Changing the Industrial Geography in Asia : The Impact of China and India
The focus of this volume is on China and India. The authors see them as the principal beneficiaries of the first upheaval, roughly bookended by the crises of 1997-98 and of 2008-09, and as being among the prime movers whose economic footprints will expand most rapidly in the coming decades. If these two countries do come close to realizing their considerable ambitions, their neighbors in Asia and their trading partners throughout the world must be ready for major adjustments. The changes in industrial geography and in the pattern of trade since the mid-1990s have already been far-reaching. Nothing on a comparable scale occurred during the preceding two decades of the 20th century. These developments offer instructive clues concerning the possible direction of changes in the future. However, in the interest of manageability, the author analysis is centered on the dynamics of industrialization, as these have a large bearing on the course of development. Within this context, reference is made to trade, foreign direct investment, and the building of technological capabilities, which together constitute a major subset of the factors responsible for the shape not only of the industrial geography of the past but also of the industrial geography yet to come. The striking feature of development in South and East Asia in the second half of the 20th century is the degree to which Japan dominated the industrial landscape and how the Japanese model triggered the first wave of industrialization in four East Asian economies-the Republic of Korea; Taiwan, China; Hong Kong, China; and Singapore. These four so-called tiger economies were the early starters, and each has become a mature industrial economy. Indeed, Hong Kong, having transferred almost all of its manufacturing activities to the Pearl River Delta, has morphed into a postindustrial economy.
|This book is provided by The World Bank in its series World Bank Publications with number 13544 and published in 2010.|
|Contact details of provider:|| Postal: |
Phone: (202) 477-1234
Web page: https://openknowledge.worldbank.org
More information through EDIRC
References listed on IDEAS
Please report citation or reference errors to , or , if you are the registered author of the cited work, log in to your RePEc Author Service profile, click on "citations" and make appropriate adjustments.:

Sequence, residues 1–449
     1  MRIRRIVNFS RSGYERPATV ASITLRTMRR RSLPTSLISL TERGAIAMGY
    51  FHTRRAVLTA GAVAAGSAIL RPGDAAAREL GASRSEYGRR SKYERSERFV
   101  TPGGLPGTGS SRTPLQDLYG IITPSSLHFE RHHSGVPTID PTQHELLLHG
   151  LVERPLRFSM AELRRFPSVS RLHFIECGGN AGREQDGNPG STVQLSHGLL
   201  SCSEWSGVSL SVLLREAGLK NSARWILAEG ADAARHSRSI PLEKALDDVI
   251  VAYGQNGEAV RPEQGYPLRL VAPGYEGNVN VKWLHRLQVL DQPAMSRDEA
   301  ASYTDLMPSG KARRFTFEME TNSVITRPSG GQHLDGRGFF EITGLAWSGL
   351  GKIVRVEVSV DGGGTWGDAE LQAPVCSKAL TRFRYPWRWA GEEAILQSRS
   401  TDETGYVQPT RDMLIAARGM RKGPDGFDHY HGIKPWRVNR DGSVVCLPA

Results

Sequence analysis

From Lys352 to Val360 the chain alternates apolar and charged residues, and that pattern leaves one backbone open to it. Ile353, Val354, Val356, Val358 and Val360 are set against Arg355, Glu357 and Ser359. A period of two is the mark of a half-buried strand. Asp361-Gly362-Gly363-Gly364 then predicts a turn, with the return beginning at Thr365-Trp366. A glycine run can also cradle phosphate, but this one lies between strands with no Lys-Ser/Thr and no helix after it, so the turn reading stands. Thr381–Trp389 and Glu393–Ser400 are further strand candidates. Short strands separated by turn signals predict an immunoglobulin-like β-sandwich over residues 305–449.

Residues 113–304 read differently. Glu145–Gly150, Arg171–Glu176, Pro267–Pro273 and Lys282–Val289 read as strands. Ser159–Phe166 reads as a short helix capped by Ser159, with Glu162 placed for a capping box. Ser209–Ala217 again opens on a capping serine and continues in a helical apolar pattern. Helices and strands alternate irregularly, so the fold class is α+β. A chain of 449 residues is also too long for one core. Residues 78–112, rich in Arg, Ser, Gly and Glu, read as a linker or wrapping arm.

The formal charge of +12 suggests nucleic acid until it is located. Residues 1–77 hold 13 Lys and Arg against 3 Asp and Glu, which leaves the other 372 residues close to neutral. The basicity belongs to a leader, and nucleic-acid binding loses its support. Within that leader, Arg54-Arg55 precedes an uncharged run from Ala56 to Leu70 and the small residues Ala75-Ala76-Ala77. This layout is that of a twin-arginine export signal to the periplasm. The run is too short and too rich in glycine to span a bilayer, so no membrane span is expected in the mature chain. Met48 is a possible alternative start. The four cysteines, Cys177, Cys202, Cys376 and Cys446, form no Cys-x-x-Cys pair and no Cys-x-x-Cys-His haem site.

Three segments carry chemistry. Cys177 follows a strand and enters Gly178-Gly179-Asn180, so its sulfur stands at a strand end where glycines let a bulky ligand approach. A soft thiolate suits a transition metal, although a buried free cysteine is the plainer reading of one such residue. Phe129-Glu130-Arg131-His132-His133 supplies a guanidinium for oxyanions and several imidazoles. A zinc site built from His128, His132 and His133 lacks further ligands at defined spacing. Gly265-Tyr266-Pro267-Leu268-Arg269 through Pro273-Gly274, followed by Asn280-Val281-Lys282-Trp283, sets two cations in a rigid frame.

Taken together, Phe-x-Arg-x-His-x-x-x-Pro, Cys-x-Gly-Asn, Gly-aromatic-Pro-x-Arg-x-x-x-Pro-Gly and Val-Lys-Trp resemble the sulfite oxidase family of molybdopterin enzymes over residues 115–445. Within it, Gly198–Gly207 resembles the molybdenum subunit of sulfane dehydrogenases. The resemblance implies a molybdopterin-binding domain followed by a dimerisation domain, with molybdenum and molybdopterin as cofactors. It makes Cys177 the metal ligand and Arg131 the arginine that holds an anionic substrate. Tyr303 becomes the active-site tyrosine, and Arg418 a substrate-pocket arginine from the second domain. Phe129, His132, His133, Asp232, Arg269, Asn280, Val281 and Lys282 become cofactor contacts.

- Kym Anderson & Will Martin, 2005.
"Agricultural Trade Reform and the Doha Development Agenda,"
The World Economy,
Wiley Blackwell, vol. 28(9), pages 1301-1327, 09.
- Will Martin & Kym Anderson, 2006. "Agricultural Trade Reform and the Doha Development Agenda," World Bank Publications, The World Bank, number 6889, December.
- Anderson, Kym & Martin, Will, 2005. "Agricultural trade reform and the Doha development agenda," Policy Research Working Paper Series 3607, The World Bank.
- Kym Anderson & Will Martin, 2005. "Agricultural Trade Reform and the Doha Development Agenda," Centre for International Economic Studies Working Papers 2005-17, University of Adelaide, Centre for International Economic Studies.
- Caballero, Ricardo & Farhi, Emmanuel & Gourinchas, Pierre-Olivier, 2008.
"Financial Crash, Commodity Prices and Global Imbalances,"
CEPR Discussion Papers
7064, C.E.P.R. Discussion Papers.
- Emmanuel Farhi & Ricardo Caballero & Pierre-Olivier Gourinchas, . "Financial Crash, Commodity Prices and Global Imbalances," Working Paper 20933, Harvard University OpenScholar.
- Gourinchas, Pierre-Oliver & Farhi, Emmanuel & Caballero, Ricardo J., 2008. "Financial Crash, Commodity Prices, and Global Imbalances," Scholarly Articles 3229095, Harvard University Department of Economics.
- Ricardo J. Caballero & Emmanuel Farhi & Pierre-Olivier Gourinchas, 2008. "Financial Crash, Commodity Prices and Global Imbalances," NBER Working Papers 14521, National Bureau of Economic Research, Inc.
- Serven, Luis & Nguyen, Ha, 2010. "Global imbalances before and after the global crisis," Policy Research Working Paper Series 5354, The World Bank.
- Frank Ackerman, 2006. "Assessing the Effects of Trade Liberalisation: A Critical Examination," QA - Rivista dell'Associazione Rossi-Doria, Associazione Rossi Doria, issue 3, July.
- Niosi, Jorge & Reid, Susan E., 2007. "Biotechnology and Nanotechnology: Science-based Enabling Technologies as Windows of Opportunity for LDCs?," World Development, Elsevier, vol. 35(3), pages 426-438, March.
- Runjuan Liu & Daniel Trefler, 2008. "Much Ado About Nothing: American Jobs and the Rise of Service Outsourcing to China and India," NBER Working Papers 14061, National Bureau of Economic Research, Inc.
When requesting a correction, please mention this item's handle: RePEc:wbk:wbpubs:13544. See general information about how to correct material in RePEc.
For technical questions regarding this item, or to correct its authors, title, abstract, bibliographic or download information, contact: (Thomas Breineder)
If you have authored this item and are not yet registered with RePEc, we encourage you to do it here. This allows to link your profile to this item. It also allows you to accept potential citations to this item that we are uncertain about.
If references are entirely missing, you can add them using this form.
If the full references list an item that is present in RePEc, but the system did not link to it, you can help with this form.
If you know of missing items citing this one, you can help us creating those links by adding the relevant references in the same way as above, for each refering item. If you are a registered author of this item, you may also want to check the "citations" tab in your profile, as there may be some citations waiting for confirmation.
Please note that corrections may take a couple of weeks to filter through the various RePEc services.